Pastoring Through Many Dangers, Toils, and Snares | Sojourners

Pastoring Through Many Dangers, Toils, and Snares

Volunteer hands out masks for coronavirus disease survival kits as part of an outreach program to the Black community to increase vaccine trial participation in Rochester, N.Y., Oct. 17, 2020. REUTERS/Lindsay DeDario

Early in the pandemic, during one of my “church check-ins” over Zoom, I opened the floor for our members to share any challenges they might be facing as a result of the shutdown so we could be more responsive and supportive. After a few responses, the call went surprisingly silent. I prodded the group and one of our wisest, most active retirees surprised me with her contribution: “We’ve been through challenging times before. We are resilient people. We are okay.”

We’ve now dealt with the challenges of lockdown and the pandemic for nearly a year and our resilience is being tested. Congregations across the nation are grappling with the lived realities of communities impacted by 450,000 deaths.

The crisis has been especially devastating for the Black community. On average, the U.S. is experiencing 3,150 deaths per day, with Black Americans dying at nearly three times the rate of white Americans. While vaccines have been a source of hope, vaccine distribution programs around the country are facing several challenges — and inequities in the process are further disenfranchising communities of color.

I pastor in Southeast Washington, D.C., where local activist and community leader Ronald Moten is helping spearhead a local vaccine delivery effort. But he says people from more affluent communities across the city are overwhelming the neighborhood and receiving the vaccine before members in the community. The New York Times reports that disparities in vaccine distribution are happening nationally among clinics in urban and low-income communities that are disproportionately African American.

And the inequity in vaccine distribution is only one of the challenges complicating efforts to provide care to communities of color around the nation. Another factor is the high rate of vaccine hesitancy in the Black community.

Many recall the history of the Tuskegee experiment, in which the government studied the progression of syphilis in nearly 400 Black men from 1932 until 1972 while lying to the men and telling them they were being treated — when they in fact were being given a placebo so the effects of the disease’s progression could be studied. More than 100 of these men died from syphilis or related complications, at least 40 of their spouses were infected with it, and the disease was passed on to at least 19 of their children. It is one of the most egregious instances of racist practices in health care — and it's top of mind for many during this time of heightened racial tensions and a period of racial reckoning.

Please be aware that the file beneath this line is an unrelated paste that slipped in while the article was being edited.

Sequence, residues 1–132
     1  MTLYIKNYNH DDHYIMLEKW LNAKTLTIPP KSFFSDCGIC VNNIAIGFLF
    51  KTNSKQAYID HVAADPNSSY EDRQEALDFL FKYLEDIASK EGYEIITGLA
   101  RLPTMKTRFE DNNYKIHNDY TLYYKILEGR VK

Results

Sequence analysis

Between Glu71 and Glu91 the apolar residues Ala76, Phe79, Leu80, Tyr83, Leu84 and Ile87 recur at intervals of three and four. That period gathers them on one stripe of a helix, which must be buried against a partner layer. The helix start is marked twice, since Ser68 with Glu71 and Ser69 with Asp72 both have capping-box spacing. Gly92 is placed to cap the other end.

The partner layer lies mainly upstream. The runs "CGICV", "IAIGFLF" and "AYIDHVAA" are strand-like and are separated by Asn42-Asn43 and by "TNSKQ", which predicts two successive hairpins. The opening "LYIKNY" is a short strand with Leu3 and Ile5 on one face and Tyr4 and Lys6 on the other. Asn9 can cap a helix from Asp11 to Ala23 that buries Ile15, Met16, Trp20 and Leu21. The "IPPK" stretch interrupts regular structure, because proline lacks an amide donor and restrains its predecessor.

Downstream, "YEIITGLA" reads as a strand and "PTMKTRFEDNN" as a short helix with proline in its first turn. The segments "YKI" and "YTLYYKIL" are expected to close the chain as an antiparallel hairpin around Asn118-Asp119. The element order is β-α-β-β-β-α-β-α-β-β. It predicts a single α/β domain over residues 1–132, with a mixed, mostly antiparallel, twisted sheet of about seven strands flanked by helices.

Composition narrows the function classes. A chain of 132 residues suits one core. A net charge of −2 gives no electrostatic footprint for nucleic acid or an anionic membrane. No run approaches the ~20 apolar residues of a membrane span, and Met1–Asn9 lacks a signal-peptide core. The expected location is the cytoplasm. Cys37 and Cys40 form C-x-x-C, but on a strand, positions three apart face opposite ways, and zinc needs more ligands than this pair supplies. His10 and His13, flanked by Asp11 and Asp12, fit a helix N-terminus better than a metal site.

As our communities are facing these obstacles, it’s incumbent upon churches to step in, to fill the gaps to ensure the needs of their communities are met.

Rev. Dr. W. Franklyn Richardson is chairman of the board for the Conference of National Baptist Churches (CNBC) and serves on the state task force in New York that is dedicated to assuring equitable distribution of the vaccine. Grace Baptist Church, where he pastors, is a COVID-19 testing site, and will soon become a pod distribution center serving 500 people per day.

The CNBC plans to work with other churches in their network to set up vaccination sites while providing pastors with resources that enable them to speak to African American communities and combat disinformation about the vaccine. Campbell AME Church, where I pastor, will likely be a vaccination site in Washington, serving a predominantly Black population in the city.

Churches, pastors, and denominations have a part to play. As vaccines become more readily available, congregations in urban communities can become crucial for ensuring their neighborhoods are served. Pastors can use local platforms — like Sunday announcements, church websites, and bulletins — to communicate locally so the vaccination sites are not overwhelmed by affluent neighbors.

Most importantly, pastors can continue to preach, teach, lead, and provide services that enable their congregations to remain spiritually and mentally healthy and whole in the face of challenging odds — always pointing to Jesus, who reminds us as much as we have done our service to the least of these, we have done it unto him (Matthew 25).

During this time of uncertainty, I am reminded of that Zoom check-in nearly a year ago and am inspired by our unfailing resilience. May we all rise to meet this moment and may we hold on to the assurance we find in the words of John Newton’s hymn: “through many dangers, toils, and snares, [we] have already come; 'Tis grace hath brought [us] safe thus far, And grace will lead [us] home.”

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